Louis Daguerre, father of Daguerreotype and co-inventor of the Diorama was honored by Google with a doodle. It is a vintage photo frame with the google letters dressed in clothes of an earlier period, say 1800s, set in black and white as though being photographed. Unlike the colorful doodles that Google has for other tributes, this is a bit formal and dreary – as most Daguerrotype images were.
Between 1821-1837, inspired by a period of cooperation with the father of photography, Joseph Nicéphore Niépce, Daguerre developed this photographic process. Click here to learn more. Daguerrotypes require a longer exposure thus requiring subjects to not move, blink nor even smile. Hence, a dreary image.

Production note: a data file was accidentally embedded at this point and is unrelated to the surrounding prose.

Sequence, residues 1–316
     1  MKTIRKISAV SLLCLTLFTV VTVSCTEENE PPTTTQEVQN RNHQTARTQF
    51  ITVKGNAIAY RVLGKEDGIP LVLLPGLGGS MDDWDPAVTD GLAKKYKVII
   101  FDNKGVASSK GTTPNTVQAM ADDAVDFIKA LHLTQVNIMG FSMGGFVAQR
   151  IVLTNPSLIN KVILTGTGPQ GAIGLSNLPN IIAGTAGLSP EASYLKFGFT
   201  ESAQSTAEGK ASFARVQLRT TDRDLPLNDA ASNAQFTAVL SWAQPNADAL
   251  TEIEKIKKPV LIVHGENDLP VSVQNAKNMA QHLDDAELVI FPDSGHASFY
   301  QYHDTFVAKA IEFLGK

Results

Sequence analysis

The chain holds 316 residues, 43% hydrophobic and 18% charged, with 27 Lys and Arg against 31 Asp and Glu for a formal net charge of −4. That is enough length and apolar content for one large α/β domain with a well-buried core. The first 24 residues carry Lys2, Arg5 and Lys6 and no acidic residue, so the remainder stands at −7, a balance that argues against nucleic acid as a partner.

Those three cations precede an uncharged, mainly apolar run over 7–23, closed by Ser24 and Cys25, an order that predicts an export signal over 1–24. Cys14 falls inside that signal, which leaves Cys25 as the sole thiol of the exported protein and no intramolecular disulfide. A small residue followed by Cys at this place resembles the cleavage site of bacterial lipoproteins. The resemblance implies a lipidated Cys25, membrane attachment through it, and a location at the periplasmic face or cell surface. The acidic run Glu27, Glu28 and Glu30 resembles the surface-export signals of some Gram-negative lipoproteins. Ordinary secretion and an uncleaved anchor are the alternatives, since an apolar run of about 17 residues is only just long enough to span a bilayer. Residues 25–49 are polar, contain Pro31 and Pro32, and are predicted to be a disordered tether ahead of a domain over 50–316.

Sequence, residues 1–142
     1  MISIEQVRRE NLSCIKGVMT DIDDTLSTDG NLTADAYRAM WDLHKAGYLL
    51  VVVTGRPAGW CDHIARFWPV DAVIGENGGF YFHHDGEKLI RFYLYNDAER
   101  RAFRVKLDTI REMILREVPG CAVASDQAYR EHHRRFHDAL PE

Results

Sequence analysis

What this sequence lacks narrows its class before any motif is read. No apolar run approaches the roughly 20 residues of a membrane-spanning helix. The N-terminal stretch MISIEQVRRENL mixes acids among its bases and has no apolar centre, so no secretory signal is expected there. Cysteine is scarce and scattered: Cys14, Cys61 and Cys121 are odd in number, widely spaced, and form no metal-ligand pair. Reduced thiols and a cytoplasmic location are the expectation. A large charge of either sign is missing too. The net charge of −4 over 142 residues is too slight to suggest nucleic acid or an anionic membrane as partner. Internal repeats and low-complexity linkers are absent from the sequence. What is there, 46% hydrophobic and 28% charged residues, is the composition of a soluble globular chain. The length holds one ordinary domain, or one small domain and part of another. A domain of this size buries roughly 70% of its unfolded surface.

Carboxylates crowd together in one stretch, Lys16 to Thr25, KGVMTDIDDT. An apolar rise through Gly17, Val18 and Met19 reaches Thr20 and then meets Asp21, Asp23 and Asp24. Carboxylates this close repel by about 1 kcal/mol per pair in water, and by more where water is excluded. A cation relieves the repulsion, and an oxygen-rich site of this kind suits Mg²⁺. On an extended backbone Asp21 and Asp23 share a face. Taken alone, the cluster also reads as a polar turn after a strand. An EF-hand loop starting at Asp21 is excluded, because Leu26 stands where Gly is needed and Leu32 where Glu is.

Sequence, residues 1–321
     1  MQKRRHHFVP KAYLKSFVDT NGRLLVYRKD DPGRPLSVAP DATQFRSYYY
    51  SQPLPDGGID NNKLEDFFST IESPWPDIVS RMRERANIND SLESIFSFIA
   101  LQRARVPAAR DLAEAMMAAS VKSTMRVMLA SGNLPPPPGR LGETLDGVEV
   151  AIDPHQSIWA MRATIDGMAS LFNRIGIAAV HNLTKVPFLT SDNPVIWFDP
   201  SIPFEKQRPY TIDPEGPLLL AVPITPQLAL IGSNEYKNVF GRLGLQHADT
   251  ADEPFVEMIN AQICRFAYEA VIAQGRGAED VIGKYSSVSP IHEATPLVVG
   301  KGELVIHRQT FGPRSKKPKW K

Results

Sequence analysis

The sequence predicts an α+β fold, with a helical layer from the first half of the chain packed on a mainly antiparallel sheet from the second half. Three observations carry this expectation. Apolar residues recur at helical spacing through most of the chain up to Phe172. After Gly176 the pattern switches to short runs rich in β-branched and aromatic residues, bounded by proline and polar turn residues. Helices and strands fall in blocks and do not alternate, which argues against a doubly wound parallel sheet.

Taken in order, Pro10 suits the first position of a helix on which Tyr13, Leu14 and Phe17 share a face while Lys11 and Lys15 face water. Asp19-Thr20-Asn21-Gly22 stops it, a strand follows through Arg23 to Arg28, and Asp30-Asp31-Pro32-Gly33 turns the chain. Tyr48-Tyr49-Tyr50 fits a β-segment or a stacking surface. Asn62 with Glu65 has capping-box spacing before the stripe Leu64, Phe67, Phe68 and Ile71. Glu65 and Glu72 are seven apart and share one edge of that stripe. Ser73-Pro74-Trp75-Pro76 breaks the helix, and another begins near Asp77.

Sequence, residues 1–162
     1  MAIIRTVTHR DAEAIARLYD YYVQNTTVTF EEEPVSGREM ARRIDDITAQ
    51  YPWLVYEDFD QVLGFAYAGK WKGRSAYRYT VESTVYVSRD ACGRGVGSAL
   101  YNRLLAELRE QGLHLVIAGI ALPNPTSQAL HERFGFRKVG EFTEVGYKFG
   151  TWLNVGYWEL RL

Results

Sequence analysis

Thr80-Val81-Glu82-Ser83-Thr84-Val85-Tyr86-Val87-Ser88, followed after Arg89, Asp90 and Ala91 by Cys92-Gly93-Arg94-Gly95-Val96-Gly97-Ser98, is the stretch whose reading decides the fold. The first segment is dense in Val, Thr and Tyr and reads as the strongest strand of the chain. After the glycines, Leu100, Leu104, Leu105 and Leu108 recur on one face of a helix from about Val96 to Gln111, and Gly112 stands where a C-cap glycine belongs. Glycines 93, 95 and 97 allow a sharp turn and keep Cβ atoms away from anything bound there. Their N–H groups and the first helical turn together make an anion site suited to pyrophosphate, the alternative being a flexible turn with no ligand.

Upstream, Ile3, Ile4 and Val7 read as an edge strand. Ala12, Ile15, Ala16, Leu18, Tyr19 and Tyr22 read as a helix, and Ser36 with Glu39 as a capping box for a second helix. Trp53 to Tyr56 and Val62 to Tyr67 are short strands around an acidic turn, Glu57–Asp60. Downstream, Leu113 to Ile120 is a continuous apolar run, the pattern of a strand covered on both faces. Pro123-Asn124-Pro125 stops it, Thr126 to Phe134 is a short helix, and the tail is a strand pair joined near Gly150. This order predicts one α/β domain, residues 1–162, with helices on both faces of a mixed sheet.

(Diorama of Vienna’s Parliament and adjacent buildings)
It was in 1823 when Daguerre along with the De Dion-Bouton created the Diorama, literally “through that which is seen”, from the Greek di- “through” + orama “that which is seen, a sight.” I say they are very effective in teaching history and also make for a good hobby, don’t you think?